Saturday marks the 25th
anniversary of a major legal ruling on free speech in the United States. The Supreme Court ruled that burning the American flag … as a form of political protest … is a protected act of free speech under the U.S. Constitution. The vote was five to four. Many Americans opposed the court’s decision at the time, and some still disagree with it today.
The 1989 Supreme Court case on flag burning resulted from the actions of a man named Gregory Johnson. He was a demonstrator at the 1984 National Convention of the Republican Party. The convention delegates met in Dallas, Texas. They nominated Ronald Reagan for a second term as president.
During a protest against Reagan administration policies, Gregory Johnson set fire to an American flag. He was arrested and charged with violating a Texas law on flag desecration – destroying or damaging a flag in public.
Flag burning was often part of anti-war and anti-government demonstrations during the 1960s and early 1970s.
Gregory Johnson appealed a Texas court’s decision against him. His case went to the U.S. Supreme Court. The high court ruled that flag burning is legally protected by the First Amendment of the Constitution. The first amendment guarantees freedom of speech.
Elliot Mincberg is a lawyer for a group called People for the American Way. He says the Supreme Court decision expanded the rights of free speech.
“I do think it says a lot positive about American ideals to be able to say, as the court did and as the people have effectively agreed, that you can even take the symbol of our country and burn it, and still not be prosecuted for that.”
But 25 years later, the flag burning case still fuels strong emotions, especially among former armed forces members. They see the flag as something representing democracy.
Retired Army Master Sergeant Louis Celli is the legislative director for the American Legion, the largest group of U.S. military veterans.
“The American flag is more than just a piece of cloth. It is representative of the sacrifices of the American soldiers. It is representative of the triumphs and also of the struggles of the American people over the course of over 200 years.”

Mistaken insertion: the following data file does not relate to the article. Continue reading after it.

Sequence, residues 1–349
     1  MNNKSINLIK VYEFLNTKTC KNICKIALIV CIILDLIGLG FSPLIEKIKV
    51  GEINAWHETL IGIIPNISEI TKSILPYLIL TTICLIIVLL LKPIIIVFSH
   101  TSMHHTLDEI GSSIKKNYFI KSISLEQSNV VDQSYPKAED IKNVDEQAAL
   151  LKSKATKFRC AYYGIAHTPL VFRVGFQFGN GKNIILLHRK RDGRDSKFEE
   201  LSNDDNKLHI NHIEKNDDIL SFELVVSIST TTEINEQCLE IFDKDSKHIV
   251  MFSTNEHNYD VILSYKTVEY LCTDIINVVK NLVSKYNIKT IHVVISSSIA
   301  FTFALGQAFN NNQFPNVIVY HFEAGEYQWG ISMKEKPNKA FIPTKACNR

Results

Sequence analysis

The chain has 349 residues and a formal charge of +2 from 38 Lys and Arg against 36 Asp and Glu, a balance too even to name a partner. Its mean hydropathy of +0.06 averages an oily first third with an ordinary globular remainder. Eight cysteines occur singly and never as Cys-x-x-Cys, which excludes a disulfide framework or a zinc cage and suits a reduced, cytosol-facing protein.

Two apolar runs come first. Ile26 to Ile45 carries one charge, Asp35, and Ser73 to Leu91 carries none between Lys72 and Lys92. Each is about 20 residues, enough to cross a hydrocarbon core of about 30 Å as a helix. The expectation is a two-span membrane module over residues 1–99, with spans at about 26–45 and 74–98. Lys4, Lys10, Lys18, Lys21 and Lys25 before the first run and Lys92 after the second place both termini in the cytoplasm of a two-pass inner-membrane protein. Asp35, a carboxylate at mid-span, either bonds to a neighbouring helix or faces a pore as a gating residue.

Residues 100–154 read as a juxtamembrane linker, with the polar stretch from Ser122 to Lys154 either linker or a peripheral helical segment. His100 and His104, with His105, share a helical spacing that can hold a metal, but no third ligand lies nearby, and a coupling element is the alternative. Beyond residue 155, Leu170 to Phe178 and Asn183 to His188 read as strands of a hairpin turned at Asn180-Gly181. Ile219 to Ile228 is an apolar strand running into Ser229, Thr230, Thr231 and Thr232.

Louis Celli hopes to persuade Congress to protect the flag through enactment of an amendment to the U.S. Constitution. That would require the support of two-third of the Senate and House of Representatives and 75 percent of the 50 states.
“It is not just the veterans that would be voting on this. It is the American people and again, overwhelmingly, we find that the American people would support such an amendment.
In 2006, researchers found that 56 percent of Americans supported a constitutional amendment to protect the flag. That is less than the high of 71 percent in a survey released shortly after the Supreme Court ruling in 1989.
Free speech activists like Elliot Mincberg consider the flag burning case settled. They do not see the kind of political force now that would lead to a constitutional amendment.
“The American Constitution protects the right of all citizens to disagree, to peacefully protest, even some of the more important symbols of our republic, and that protection is what provides the freedom that Americans so cherish, here and around the world.”
But Lou Celli of the American Legion says his group will continue to fight.
“To make sure that the people now have the choice to vote on a constitutional change that will protect the symbol of the United States of America.”
He hopes to persuade the next Congress to consider the flag amendment.